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remf3
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Through a lot of my varied readings I occasionally come across the word "sucker" in conjunction with moves or vanishes. What does this mean exactly? I guess I'm curious as to why someone would refer to a move, for example, as a "sucker vanish"? There is usually a comment, in the write-up of the move, not to play up the "sucker aspect" of the move.

Is the use of the word sucker meaning it's a "I know the move and you don't" type of thing or is there some other meaning?

I'm a sucker for the meaning behind the use of some words and this one is just escaping me for some reason...
JHNelson
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I have never heard of a move referred to as a sucker move unless it has to do with a gambling move, and even then it's informally referred to as a sucker move. What books are you reading? I'd be interested in seeing for myself. Maybe it has to do with context.
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remf3
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In Roth's "Expert Coin Magic" book, he teaches something called "Skinner"s Spidergrip Vanish" (pg 13 in the book I have). In the last paragraph, he writes "Do not, under any circumstance, emphasize the sucker aspect of the vanish--it is both insulting and rude to the audience."

I believe there is also a move in Bobo's MCM referred to as a "sucker vanish" as a sidenote, not the official name, but I cannot verify this as my copy of MCM is currently MIA.

Now that you mention the gambling type moves, that puts most of these in a bit more context. I guess maybe I didn't make the connection.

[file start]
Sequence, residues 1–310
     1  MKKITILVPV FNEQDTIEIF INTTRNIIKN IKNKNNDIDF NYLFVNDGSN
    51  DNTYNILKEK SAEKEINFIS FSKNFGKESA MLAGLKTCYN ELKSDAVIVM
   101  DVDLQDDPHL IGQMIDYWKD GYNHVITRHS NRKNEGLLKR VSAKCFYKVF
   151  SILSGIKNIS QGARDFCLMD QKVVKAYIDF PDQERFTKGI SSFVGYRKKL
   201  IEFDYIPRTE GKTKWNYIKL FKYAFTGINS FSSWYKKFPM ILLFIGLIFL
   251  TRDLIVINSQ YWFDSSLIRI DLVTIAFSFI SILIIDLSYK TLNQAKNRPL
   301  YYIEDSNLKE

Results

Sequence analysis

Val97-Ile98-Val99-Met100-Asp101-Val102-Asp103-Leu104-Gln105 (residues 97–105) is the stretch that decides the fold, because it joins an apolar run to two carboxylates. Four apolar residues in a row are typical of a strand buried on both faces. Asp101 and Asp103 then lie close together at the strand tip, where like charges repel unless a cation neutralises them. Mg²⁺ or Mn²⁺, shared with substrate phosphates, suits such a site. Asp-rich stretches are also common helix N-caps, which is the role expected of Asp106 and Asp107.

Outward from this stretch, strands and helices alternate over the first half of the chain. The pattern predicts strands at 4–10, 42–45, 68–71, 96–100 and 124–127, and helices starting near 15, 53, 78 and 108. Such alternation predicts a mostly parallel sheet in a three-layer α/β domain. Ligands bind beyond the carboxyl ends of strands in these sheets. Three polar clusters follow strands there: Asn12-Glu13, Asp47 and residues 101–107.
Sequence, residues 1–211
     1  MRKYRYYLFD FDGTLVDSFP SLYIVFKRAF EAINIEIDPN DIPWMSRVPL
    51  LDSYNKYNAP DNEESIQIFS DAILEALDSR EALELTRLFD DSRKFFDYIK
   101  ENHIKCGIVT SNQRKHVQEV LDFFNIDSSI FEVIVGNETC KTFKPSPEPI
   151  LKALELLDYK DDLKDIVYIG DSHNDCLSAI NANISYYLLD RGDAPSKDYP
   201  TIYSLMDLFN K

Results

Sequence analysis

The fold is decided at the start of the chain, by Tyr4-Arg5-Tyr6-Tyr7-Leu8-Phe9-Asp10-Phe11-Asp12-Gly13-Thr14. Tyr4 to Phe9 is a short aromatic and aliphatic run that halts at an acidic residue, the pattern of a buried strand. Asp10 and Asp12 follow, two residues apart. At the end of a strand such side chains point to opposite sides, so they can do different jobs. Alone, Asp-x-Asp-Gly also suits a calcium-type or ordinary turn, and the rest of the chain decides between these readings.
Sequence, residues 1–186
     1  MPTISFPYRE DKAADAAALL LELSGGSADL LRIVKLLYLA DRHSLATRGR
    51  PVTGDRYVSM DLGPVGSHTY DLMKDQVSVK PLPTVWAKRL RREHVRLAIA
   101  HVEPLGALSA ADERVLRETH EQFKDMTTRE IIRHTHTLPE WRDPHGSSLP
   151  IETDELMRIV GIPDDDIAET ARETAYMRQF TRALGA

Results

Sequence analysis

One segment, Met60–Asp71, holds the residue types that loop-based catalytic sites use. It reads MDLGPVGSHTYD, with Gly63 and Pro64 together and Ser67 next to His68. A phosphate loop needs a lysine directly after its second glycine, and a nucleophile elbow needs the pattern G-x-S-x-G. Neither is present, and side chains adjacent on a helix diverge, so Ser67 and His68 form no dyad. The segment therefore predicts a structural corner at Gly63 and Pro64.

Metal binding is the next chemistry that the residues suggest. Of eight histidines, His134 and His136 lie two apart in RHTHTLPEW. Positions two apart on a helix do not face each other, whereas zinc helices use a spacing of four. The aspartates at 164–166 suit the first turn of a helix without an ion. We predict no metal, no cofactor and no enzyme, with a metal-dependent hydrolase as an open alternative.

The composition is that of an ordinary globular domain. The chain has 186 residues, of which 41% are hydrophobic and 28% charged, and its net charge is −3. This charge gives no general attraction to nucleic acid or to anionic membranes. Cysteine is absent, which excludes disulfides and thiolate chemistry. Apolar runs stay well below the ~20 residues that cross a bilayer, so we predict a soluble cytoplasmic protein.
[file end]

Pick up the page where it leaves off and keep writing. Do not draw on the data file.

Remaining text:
spatlind
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There are numerous sucker effects in magic. They often refer to when a spec is "suckered" into believing something, often as a second phase, purporting to explain or demonstrate the previous effect/phase. They are then hit with a "sucker" punch, something they are completely not expecting. Trying to make a "sucker" of the spec is not advisable. They will plain out not like you for it. You can however entertain using this premise.
Scott
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loyaleagle
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Yeah, it's almost more of a presentation thing than anything else. Any spectator is in some way a sucker, really, but when talking about a "sucker" move or phase, it usually involves having a spec go out on a limb and try to either guess the location/identity of something (that appears to be a sure bet) or pretend to explain the method just used to perform a trick. In the former, color monte is a good example because you eliminate all but 1 card. The when they guess what the card is, they get something completely unexpected (a $14 card).

In the latter example, you can usually make up some hokey magical move that you pretend to be a logical explanation for the trick. Often this leads to a sucker "punch" like the end of color monte where the trick takes a very unexpected turn that breaks what they were expecting.

Of course doing a trick for money (and basically stealing that money) is a sucker type of scam, but most spectators enjoy a good ribbing after having been fooled into thinking they are on the same level as the magician.

For the record, I LOVE sucker effects! Lots of coin tricks have a sucker move.
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Josh the Superfluous
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Scott is correct. In kid show magic, Hippity Hop Rabbits and Sucker Die Box are the classic "sucker effects". In close-up, Black & White Surprise (Color Deception) is the same premise as HH Rabbits. In these effects the apparent workings of the trick are painfully obvious from the start. In a kids show this is used to work the audience up into a frenzy. When the final effect is revealed, the earlier beliefs of the spectators becomes the set up for a surprise ending.

What Roth was saying, in the Spidergrip, was to let them believe they know what you've done, but don't make the opening of your hand be a "got ya!" or an effect on it's own. Just let them quietly see that the coin has in fact vanished from both hands.